More Political Libertarianism

I’m happy and flattered to see that Randy Barnett of The Volokh Conspiracy has linked to and quoted approvingly from my TCS piece.

Judging from the comments thread at TCS, it seems that I failed to adequately convey that political libertarianism is by no means an amoral theory. Political libertarianism assumes that a peaceful, stable, fair, extended social network of mutually advantageous cooperation — liberal order — is, if not morally good in itself, at least good as a means to other moral ends. The point, however, is that people with different commitments can support a liberal order, and can account for the moral value of the order in different ways. When you live in a large, incredibly pluralistic society like ours, the problem of how we all can live together, despite our differences, is a serious problem no matter what you happen to believe. A minimal set of social principles that accomodates the broadest array of commitments and worldviews can be seen by all sorts of people as the best solution to that problem.

This also does not imply that comprehensive justificatory strategies are false. Suppose, say, Ayn Rand is right. Then Ayn Rand is right. But the probability that everyone comes to agree with Ayn Rand is, well, zero, give or take. (The probability that the people who claim to agree with Ayn Rand will come to agree with each other is probably no better.) Whatever the correct comprehensive theory is, it’s probably never going to be the case that everyone believes it. An authoritarian order can probably coerce agreement, to an extent, by restricting freedom of thought, speech, and inquiry. But that’s not the kind of society we want. And a small, homogenous community, a group of Hutterhites, for example, might share a common conception of the good. But we’re talking about a huge, diverse society.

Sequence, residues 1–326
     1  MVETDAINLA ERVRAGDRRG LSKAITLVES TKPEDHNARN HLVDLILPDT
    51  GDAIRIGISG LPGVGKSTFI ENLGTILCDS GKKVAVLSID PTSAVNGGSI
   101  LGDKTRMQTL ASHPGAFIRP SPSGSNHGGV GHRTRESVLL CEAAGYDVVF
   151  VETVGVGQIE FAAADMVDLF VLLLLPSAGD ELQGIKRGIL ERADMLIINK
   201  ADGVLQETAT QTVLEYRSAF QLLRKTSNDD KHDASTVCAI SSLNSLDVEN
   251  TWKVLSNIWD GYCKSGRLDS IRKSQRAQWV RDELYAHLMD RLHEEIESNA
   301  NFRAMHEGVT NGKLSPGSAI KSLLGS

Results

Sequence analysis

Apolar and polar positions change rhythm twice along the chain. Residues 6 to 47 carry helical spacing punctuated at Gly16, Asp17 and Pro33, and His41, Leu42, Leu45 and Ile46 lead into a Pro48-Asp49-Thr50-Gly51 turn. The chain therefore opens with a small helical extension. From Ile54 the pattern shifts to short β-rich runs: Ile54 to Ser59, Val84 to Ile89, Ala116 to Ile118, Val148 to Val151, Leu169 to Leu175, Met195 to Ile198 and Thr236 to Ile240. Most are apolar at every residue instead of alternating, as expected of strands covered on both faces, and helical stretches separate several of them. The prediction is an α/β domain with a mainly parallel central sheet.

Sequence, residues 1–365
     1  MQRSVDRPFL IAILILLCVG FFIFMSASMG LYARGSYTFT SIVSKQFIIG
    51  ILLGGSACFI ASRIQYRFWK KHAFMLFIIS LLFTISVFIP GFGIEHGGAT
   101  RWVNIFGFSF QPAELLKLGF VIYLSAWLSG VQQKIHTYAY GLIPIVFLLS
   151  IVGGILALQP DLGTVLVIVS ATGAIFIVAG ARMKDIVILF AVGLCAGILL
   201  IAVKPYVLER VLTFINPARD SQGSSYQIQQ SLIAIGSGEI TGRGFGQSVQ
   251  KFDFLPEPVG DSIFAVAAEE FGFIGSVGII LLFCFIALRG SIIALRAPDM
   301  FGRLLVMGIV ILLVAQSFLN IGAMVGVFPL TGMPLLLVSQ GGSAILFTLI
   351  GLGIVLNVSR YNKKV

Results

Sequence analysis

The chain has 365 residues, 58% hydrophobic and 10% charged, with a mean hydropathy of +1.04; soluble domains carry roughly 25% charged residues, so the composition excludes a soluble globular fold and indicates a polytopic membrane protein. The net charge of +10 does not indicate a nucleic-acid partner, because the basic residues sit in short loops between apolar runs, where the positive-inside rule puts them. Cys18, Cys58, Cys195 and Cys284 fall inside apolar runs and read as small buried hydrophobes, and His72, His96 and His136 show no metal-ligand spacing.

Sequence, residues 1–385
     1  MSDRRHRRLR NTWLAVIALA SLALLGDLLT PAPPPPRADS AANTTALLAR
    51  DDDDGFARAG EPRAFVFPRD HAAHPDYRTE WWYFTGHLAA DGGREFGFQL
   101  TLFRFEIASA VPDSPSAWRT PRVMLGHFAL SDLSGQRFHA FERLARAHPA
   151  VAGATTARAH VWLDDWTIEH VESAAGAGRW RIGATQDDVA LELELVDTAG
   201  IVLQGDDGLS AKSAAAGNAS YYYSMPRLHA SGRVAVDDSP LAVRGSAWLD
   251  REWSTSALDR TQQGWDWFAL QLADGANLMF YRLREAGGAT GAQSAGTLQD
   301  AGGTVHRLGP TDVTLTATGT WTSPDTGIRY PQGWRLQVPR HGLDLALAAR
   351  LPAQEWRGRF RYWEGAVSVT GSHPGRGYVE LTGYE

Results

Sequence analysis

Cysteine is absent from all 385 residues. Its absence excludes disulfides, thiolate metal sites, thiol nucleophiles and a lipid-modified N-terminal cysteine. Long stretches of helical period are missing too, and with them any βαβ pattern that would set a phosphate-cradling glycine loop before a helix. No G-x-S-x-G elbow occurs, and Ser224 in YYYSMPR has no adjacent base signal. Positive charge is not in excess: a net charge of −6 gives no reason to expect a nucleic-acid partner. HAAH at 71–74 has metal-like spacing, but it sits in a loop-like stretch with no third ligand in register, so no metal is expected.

So, one might arrive at the one true theory of the good, and even do a bang up job of spreading the word, but still be swamped by Babelian pluralism. The problem simply isn’t how to get everyone to agree on fundamentals, because it’s a problem that won’t get solved in a big, free society. What we’re left with is a sort of engineering problem. What terms of association, what social principles, can accomodate all these people, and all these diverse commitments, in a manner (almost) everyone has reason to affirm. The hypothesis is that political libertarianism is the best solution to the engineering problem.

Now, I’m by no means sure that this hypothesis is correct, or even exactly what political libertarianism entails (and thus what the hypothesis really is). I think I’d just want to call my own view liberal minimalism. I’m receptive to the idea that some small-scale redistribution might be a condition for stable liberal order, putting me in the company of Hayek, Milton Friedman, and Loren Lomasky. While people tend to identify these thinkers as libertarian, people also tend to think libertarianism by nature rules out redistribution. So I’m not quite sure what to call myself, not that it matters much.

Author: Will Wilkinson

Vice President for Research at the Niskanen Center